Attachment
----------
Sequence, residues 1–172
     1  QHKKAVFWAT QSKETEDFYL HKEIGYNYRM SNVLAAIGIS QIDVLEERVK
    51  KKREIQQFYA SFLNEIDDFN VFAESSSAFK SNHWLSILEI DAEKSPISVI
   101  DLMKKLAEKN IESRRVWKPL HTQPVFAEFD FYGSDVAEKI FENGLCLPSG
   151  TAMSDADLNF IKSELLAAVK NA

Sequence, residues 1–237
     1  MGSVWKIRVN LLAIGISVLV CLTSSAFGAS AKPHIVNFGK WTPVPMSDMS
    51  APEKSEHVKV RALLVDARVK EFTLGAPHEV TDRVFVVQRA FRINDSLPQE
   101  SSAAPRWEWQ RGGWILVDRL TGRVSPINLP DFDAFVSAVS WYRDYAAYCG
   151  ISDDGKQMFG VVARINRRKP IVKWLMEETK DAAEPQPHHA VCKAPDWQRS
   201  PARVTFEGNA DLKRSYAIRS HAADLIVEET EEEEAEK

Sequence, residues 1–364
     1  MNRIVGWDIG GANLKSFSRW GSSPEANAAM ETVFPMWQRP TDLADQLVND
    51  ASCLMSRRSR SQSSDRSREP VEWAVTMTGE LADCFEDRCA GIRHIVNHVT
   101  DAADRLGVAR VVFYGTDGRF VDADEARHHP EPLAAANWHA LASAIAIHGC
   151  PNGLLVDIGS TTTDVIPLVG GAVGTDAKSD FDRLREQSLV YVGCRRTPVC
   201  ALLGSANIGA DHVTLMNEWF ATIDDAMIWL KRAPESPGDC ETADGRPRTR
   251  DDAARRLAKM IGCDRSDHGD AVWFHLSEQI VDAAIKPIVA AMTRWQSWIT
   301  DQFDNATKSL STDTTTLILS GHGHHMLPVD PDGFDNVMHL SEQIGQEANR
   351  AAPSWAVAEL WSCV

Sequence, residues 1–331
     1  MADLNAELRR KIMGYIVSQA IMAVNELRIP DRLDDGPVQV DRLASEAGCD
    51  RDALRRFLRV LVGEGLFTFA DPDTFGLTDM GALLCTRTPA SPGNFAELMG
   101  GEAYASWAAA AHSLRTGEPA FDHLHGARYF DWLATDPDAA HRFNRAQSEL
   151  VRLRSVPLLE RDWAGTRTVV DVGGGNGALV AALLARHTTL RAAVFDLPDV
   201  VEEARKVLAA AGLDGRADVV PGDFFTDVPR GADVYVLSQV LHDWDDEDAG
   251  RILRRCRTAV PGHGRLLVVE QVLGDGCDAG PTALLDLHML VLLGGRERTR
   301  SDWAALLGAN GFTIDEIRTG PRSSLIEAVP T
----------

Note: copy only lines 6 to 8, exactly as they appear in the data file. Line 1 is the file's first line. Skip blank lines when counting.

Sequence, residues 1–237
     1  MGSVWKIRVN LLAIGISVLV CLTSSAFGAS AKPHIVNFGK WTPVPMSDMS
    51  APEKSEHVKV RALLVDARVK EFTLGAPHEV TDRVFVVQRA FRINDSLPQE